I wended my way through the first through fourth grades mostly without speaking. My presentations during that time went in two parts: a stilted “My name is ---,” then some sort of pantomime. So I was surprised when I got a part in the class play, notwithstanding that everybody got a part. I played the part of Ernest Hemingway without uttering a word. Perhaps my fifth grade teacher wished to show Hemingway’s taciturn spirit. Perhaps it was that playing the Hemingway part consisted of two appearances: walking through the stage like an old man, holding an aquamarine paper C, and giving a tearful farewell to some bare arms.
Seven years later, I was to convince two hundred and twenty members of the Torrey Pines NHS that I should be their secretary. Mr. Chess, the club advisor, had warned the members not to clap, since there were five other applicants for the post of secretary alone. We did not have the time — only twenty-five minutes in the lunch hour — needed to get this over with.
I compressed my planned speech, compressed my motions until I could drown out that throng’s roar. Mr. Chess ended up standing up and clapping, too, in the end.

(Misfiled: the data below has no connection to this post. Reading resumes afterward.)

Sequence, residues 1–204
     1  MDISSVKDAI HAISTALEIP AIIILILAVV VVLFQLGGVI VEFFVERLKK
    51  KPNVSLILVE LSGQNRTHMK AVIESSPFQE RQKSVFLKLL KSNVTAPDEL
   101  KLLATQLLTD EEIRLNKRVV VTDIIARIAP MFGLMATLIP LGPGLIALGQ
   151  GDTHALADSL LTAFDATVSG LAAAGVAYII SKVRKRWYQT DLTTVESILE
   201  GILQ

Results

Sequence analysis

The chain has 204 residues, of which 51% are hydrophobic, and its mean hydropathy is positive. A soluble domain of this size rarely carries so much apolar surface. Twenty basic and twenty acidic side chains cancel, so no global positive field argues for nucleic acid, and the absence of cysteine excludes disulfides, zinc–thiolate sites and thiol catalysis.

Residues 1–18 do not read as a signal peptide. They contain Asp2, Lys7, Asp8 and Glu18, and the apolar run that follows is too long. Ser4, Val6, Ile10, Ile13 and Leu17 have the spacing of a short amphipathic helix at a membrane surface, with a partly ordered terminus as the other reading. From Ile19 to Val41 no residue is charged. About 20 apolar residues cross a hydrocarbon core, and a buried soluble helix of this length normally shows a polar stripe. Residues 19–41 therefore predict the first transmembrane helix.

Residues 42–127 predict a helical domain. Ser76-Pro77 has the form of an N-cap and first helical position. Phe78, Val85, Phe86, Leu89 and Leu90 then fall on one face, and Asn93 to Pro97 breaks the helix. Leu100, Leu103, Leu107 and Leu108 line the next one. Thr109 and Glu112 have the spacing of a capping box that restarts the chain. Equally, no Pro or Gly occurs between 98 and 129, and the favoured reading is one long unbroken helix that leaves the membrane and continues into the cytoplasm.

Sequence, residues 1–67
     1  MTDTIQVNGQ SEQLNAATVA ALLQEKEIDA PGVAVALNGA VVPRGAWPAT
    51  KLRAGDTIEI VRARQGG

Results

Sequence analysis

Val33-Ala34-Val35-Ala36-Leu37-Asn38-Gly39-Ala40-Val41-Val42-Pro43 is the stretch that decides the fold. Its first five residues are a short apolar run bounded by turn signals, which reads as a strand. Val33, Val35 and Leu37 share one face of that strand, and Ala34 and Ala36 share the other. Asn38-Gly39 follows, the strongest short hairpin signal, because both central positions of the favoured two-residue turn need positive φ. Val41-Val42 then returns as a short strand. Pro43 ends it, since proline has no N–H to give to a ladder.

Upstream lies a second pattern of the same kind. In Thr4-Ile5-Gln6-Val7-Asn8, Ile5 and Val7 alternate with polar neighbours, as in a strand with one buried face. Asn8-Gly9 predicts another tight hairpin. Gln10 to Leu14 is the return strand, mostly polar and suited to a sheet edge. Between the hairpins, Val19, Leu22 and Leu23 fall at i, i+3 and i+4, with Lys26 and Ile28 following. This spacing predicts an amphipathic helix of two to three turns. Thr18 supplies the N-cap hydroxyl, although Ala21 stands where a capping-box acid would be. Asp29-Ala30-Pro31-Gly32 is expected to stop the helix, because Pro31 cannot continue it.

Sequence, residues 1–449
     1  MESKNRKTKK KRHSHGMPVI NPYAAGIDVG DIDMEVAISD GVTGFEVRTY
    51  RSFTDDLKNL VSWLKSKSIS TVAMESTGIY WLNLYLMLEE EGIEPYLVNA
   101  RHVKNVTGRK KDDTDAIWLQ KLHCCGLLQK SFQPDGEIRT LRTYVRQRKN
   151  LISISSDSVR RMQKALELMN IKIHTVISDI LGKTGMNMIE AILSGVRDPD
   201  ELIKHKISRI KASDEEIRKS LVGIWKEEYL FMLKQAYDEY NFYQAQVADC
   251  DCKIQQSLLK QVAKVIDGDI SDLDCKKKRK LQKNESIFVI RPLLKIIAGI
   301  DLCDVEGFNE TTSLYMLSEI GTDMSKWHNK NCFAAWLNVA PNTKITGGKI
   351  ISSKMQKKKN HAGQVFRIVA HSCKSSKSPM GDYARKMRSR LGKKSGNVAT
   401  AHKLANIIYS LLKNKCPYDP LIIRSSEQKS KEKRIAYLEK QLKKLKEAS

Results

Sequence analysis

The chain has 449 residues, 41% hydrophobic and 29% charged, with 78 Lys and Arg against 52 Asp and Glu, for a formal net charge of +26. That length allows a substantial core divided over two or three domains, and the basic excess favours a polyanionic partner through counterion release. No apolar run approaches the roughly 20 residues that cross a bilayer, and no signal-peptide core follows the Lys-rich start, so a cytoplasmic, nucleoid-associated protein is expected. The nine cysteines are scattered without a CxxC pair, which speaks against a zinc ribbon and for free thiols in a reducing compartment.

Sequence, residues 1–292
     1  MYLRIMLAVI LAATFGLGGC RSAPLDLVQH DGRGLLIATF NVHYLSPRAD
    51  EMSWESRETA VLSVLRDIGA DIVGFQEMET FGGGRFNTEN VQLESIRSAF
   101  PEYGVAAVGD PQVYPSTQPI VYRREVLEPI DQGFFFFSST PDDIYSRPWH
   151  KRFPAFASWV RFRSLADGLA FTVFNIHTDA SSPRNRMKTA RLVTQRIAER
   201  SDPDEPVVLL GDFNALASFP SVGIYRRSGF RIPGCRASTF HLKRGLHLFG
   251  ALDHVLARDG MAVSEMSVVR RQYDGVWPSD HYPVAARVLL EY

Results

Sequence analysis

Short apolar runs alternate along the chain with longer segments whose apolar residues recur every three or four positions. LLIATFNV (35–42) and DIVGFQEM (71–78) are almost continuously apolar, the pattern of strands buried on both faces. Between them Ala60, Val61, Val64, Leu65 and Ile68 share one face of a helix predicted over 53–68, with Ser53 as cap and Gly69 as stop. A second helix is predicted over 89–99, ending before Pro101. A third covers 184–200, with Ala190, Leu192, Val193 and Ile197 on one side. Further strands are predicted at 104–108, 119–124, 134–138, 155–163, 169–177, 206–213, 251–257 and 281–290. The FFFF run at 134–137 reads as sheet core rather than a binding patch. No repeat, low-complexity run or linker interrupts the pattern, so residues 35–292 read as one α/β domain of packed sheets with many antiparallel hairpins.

More important than results, though, is the process of how I learned to speak and enunciate:
Stick a pen in your mouth. Hold it like a dog holds a bone, with the ends sticking out.
Preferably a pen which you own.
Dijyoo duwit? Chan’t enunsiate, khan yoo?
Read a speech without taking it out. Breathe through your gaping mouth and enunciate, even though you cannot. If you can do this impossible thing, you can enunciate while making a normal, unencumbered speech. Your mouth opens wide, enough to fit your hand into. That’s the basic point of classical technique, the kind that preachers and other unamplified orators practice. It can deafen the back row.
There is a second part, though, in this technique. The Pen Drill cannot truly be done alone. It needs to be done in front of people who laugh at the ridiculousness of the drill, because then the second realization comes— those people are not laughing at you. They laugh at the spectacle, the absurdity of the stretched mouth, and if you laugh at it too, you laugh together. Laugh together. If you can do this impossibility, you can look at any audience and stay composed.
It took more than The Pen Drill™ to turn myself into a presenter. One time practicing is not enough. One technique, one drill is not enough. I inserted “banana” in words, declaimed upside-down holding up weights, and excised the word “um” from my vocabulary permanently. Then the practicalities: I had to write speeches and make speeches. I practiced making an entrance, making an exit, marking a beginning and curtly finishing. I saw the music in the words, realized the limited but infinite range of pitch and tone that a speaker can command.
Most of all, however, I laughed.
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